Sen. John McCain (R-Ariz.) Tuesday accused cable operators
of gouging customers after the Federal Communications Commission released a
report showing that cable rates on average climbed 8.2% for the 12-month period
ending July 1, 2002.
McCain, chairman of the Senate Commerce Committee, called the cable rates
hikes "astounding" given that inflation in the overall economy was 1.5% and
markets were starting to come out of recession.
"This means that cable rates increased an unbelievable 5½ times faster than
inflation. The cable industry has risen to new heights in their apparent
willingness and ability to gouge the American consumer," McCain said in a
The Consumers Union, in reacting to the FCC study, called on Congress to
reregulate cable rates or allow subscribers "to pay for only the channels they
want to watch."
McCain, who supports the CU's a la carte approach, has asked the
General Accounting Office to take a closer look at the factors causing higher
The report is expected to be released in the fall.
"These increases defy logic. The Committee on Commerce, Science, and
Transportation will continue to focus on this issue in the months to come,"
The FCC's survey dealt with nominal cable rates, meaning that the 8.2% figure was
not adjusted for inflation or for quality improvements made by cable
The FCC report showed that the combined average monthly rate for basic,
expanded basic and equipment increased by 8.2%, from $37.06 to $40.11, over the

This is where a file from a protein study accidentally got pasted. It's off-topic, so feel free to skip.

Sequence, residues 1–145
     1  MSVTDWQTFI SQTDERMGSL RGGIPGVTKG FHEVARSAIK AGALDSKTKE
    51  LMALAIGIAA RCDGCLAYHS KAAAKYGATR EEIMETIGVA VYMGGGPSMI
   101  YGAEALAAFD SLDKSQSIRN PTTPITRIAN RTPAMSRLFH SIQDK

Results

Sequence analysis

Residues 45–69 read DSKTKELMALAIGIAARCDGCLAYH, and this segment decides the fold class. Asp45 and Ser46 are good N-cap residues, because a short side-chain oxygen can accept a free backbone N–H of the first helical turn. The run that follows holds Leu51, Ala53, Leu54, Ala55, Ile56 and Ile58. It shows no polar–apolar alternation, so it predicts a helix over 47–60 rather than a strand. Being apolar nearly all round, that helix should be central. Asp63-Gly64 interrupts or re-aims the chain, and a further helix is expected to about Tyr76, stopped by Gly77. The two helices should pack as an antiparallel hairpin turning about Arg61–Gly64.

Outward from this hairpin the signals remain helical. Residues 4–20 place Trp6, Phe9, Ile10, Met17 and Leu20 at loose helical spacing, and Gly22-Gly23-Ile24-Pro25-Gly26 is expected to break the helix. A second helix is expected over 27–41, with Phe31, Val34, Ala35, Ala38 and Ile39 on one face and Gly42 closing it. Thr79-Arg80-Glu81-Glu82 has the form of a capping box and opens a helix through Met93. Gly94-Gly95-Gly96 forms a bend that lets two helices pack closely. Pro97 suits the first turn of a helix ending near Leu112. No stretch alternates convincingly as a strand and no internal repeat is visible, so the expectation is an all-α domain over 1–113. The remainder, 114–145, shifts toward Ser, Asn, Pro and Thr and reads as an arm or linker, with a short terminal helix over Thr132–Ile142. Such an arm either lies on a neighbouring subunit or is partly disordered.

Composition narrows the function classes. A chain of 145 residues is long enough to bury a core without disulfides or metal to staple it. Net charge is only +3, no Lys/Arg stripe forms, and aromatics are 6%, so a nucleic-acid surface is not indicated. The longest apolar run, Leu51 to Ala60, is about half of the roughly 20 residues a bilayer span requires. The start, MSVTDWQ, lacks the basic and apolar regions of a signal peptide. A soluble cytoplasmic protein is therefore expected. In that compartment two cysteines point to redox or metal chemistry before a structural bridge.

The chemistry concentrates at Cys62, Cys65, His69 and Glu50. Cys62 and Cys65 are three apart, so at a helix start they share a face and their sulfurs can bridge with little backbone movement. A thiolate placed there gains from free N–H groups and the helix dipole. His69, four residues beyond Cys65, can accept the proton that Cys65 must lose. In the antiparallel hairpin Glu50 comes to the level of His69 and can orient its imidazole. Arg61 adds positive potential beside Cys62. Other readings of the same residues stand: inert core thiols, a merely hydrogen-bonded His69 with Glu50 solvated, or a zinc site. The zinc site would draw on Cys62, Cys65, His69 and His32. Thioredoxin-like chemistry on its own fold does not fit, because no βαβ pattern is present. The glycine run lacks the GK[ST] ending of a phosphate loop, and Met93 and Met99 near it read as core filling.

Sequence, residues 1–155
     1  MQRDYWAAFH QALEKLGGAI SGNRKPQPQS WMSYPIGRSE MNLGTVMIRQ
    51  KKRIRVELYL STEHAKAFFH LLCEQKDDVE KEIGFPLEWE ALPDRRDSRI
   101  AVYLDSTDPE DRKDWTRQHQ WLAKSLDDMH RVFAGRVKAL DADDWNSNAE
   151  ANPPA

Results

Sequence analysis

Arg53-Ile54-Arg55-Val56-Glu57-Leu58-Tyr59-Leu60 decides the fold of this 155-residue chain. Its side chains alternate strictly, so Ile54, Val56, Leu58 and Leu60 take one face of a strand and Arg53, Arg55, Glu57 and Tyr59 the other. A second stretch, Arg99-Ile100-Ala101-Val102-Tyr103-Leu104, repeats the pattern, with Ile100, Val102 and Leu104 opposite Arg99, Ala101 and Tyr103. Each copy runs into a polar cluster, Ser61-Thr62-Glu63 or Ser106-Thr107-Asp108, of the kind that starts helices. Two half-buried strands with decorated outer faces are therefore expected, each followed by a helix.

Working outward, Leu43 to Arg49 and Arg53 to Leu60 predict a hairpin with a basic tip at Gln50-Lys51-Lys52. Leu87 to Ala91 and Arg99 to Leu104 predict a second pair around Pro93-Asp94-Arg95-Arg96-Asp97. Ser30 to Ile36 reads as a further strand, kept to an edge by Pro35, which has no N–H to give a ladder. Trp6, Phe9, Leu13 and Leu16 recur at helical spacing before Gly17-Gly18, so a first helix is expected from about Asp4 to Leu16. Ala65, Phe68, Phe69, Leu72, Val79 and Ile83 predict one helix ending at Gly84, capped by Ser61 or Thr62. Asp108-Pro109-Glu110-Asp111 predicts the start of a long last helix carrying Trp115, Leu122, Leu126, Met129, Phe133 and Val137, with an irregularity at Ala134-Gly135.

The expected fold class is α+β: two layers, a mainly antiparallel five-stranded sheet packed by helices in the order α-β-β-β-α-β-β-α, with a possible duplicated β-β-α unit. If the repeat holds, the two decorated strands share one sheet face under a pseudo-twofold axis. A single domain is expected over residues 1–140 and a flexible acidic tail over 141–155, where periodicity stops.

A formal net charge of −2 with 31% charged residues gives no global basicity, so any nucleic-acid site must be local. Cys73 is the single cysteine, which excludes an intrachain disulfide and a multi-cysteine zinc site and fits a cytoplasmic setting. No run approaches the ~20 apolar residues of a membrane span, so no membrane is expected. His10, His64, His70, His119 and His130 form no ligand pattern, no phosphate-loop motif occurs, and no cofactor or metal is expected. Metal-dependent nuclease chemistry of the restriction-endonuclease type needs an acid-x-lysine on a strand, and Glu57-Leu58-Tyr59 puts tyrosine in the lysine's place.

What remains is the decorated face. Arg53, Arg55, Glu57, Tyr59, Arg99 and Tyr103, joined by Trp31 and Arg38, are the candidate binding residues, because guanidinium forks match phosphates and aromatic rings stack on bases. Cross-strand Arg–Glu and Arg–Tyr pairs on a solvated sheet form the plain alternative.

On a per-channel basis, however, the agency found that cable rates dropped
two-tenths of one percent after adjusting for inflation.
A per-channel decline in rates suggests that consumers received more channels
to go along with high rates.
The National Cable & Telecommunications Association released a statement
prior to McCain's that promoted a monthly cable subscription as a great value
for the money, whether on a relative basis or standing alone.
"Although cable prices have increased, cable consumers are also enjoying
increased value for their entertainment dollar. Compared with taking a
family of four to a single movie, concert or professional-sports event, a month
of basic cable remains a superior entertainment value," said Rob Stoddard,
the NCTA's senior vice president of communications and public affairs.
FCC members Michael Copps and Jonathan Adelstein, both Democrats, called
on the FCC to put more pressure on cable operators in order to determine whether
cable operator-supplied rate data were accurate.